OMG: remote working. By now we all in some way accommodate the thought that we’re stuck in the new reality for good.
The movie industry got hit like any other.
Apart from closing cinemas for the Lunar New Year period, the Chinese film industry had lost $2B by March 2020. The world’s second-largest cinema chain – Cineworld, closed all its cinemas in October.
For the first time since 2007, a top-grossing film (The Eight Hundred) earned less than $1 billion, not reaching even half of this sum.
Most of the festivals were either canceled or postponed multiple times across the year.
But there’s also a related story, no less tragic, that touched thousands of movie professionals around the globe. Technicians, post-production artists, whole studios had to change their old ways in a stretch of a few months. The adaptation period has begun.
Rebuilding your studio, so that your whole team can work remotely turned out to be an expensive, and time-consuming endeavor.
The challenges of remote working for post-production artists
The first challenge was about the day-to-day post-production work that teams used to do in their physical studios.
For editing work to be efficient and fast, you need to provide a lot of computing power, which usually comes with expensive workstations, shared across the studio. With the lockdown and remote work notion taking place, it turned out to be impossible for the teams to have the same work experience as in their offices. Buying every artist a separate machine to work on would mean bankruptcy for most of the studios.
A more technical one approach, was to provide the teams with virtual desktops – by using a third-party application, each team member could connect to the studio workstation via the internet, and use their resources for work. Unfortunately, the connection quality just didn’t cut it for precise and sensitive post-production editing.
The second challenge was file sharing. When you are storing all your materials on physical hard drives in a studio, it’s easy to just create a network where everyone can work on the same files. It’s getting way harder when you have to do that for everyone working from their home. You can either use the cloud, where the speed of sharing depends on the individual’s bandwidth, or throw around hard drives in a cab around the town. None of these options solves the problem, and the second one doesn’t even seem real – but it was for a long time for one of the studios in Poland.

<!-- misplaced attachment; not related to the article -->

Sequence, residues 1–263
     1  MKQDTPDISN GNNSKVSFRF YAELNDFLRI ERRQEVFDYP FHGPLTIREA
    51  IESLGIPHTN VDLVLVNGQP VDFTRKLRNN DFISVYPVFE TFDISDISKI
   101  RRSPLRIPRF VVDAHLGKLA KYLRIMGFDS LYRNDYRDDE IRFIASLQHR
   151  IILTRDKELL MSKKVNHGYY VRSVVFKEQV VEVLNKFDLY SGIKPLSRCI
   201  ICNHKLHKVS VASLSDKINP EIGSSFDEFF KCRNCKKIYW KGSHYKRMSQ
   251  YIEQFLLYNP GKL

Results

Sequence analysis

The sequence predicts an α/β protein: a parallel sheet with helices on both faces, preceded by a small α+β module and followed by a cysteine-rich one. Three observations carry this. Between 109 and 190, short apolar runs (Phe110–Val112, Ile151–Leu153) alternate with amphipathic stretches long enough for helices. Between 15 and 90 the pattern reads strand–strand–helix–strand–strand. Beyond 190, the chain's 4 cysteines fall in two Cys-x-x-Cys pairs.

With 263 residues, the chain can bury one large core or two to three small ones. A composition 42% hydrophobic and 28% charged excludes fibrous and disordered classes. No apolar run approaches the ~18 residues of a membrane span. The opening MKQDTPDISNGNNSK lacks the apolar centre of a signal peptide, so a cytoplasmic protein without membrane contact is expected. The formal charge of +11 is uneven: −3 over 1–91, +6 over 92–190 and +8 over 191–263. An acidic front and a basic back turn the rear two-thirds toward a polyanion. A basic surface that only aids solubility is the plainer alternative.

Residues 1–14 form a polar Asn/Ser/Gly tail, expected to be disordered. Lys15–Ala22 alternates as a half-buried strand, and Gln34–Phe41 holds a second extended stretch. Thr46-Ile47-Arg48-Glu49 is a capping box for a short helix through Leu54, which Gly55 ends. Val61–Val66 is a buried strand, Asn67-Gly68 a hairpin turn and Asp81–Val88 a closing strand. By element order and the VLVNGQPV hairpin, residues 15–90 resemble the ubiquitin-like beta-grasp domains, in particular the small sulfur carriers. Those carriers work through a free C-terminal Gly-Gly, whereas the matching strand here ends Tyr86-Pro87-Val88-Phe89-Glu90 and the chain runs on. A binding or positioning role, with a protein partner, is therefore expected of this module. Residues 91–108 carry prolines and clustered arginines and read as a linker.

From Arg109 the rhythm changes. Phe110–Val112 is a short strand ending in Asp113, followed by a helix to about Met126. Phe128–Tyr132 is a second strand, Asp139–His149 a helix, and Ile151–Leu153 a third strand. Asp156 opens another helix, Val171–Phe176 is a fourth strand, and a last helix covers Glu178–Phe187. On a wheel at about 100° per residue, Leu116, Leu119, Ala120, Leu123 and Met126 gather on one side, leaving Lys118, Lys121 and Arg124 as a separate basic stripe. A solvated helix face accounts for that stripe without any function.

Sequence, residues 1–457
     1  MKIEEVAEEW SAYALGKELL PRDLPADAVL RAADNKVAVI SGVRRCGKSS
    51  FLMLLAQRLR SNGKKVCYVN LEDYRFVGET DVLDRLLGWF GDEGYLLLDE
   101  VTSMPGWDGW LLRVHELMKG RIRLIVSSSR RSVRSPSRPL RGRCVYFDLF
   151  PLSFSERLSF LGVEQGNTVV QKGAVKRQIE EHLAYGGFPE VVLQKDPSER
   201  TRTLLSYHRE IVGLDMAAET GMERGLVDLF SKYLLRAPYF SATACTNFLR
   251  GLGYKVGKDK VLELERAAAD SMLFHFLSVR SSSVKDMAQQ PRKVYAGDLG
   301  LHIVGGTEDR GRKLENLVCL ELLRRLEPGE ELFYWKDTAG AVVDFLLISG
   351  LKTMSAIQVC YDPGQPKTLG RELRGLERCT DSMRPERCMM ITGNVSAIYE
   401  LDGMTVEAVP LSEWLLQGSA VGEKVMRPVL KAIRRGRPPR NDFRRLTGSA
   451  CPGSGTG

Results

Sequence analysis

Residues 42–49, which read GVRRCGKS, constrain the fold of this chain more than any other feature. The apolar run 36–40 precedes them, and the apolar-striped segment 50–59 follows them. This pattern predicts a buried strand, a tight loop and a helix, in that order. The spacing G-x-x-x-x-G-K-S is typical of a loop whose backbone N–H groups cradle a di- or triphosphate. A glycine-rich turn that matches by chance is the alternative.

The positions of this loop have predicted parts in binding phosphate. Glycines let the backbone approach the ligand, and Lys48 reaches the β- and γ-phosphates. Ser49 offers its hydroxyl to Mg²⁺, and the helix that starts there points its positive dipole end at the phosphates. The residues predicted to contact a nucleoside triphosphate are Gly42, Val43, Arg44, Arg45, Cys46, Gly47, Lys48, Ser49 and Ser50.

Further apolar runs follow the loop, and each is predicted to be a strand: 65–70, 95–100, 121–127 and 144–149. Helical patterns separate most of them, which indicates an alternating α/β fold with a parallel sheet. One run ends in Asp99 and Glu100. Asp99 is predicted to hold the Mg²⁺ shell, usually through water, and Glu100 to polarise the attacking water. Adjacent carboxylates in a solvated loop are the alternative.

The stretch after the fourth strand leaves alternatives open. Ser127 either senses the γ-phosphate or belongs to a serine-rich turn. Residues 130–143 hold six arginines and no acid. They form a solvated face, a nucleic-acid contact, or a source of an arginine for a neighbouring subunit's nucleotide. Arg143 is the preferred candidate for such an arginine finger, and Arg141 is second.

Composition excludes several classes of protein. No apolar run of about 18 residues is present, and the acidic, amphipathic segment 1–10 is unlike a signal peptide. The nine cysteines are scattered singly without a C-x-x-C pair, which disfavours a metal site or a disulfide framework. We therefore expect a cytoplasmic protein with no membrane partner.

Companies and studios started looking for solutions. And as for today, there were none. The only way to easily collaborate online was to use cloud computers. But cloud computing was made mostly for rendering and demanding programming tasks, not editing. The artists couldn’t use their software or operate on files different from the ones designated by the provider.
To answer this call, one of the filmmakers decided to take a sharp turn into software development and create a platform that solves all the remote work challenges the industry suffers right now.
Renderro is a powerful cloud computer for studios and freelancers for everyday video editing, graphic design, and animation tasks.
It’s best to think about it as your standard workstation – be it a PC or Mac, but a one to which you connect via web browser or application.
It’s easy to set up and onboard your remote working team – no more than three steps.
After that, you connect with a single click to a computer with the specifications of your choosing. Its power can be adjusted at any time, according to the task at hand. Easy editing? Good performance at a low cost. Rendering ahead? All the power you need, to finish the job in one-third of the time.
Your team can use any software they need for their work – Adobe Pro, Davinci Resolve, After Effects, just to name a few.
All their work is shared across all the computers, so when they need any materials, it’s just right there to use instantly.
With a supreme connection and multi-monitor support, the experience of editing is as smooth as on a standard physical workstation.
With a free monthly trial and bonus credits to spend on a powerful computer, you can go to Renderro’s website, register now for free, and see if it would work for your studio.
What do you think about the changes in the industry after we’ve entered the new reality? Are cloud computers the next step on the road?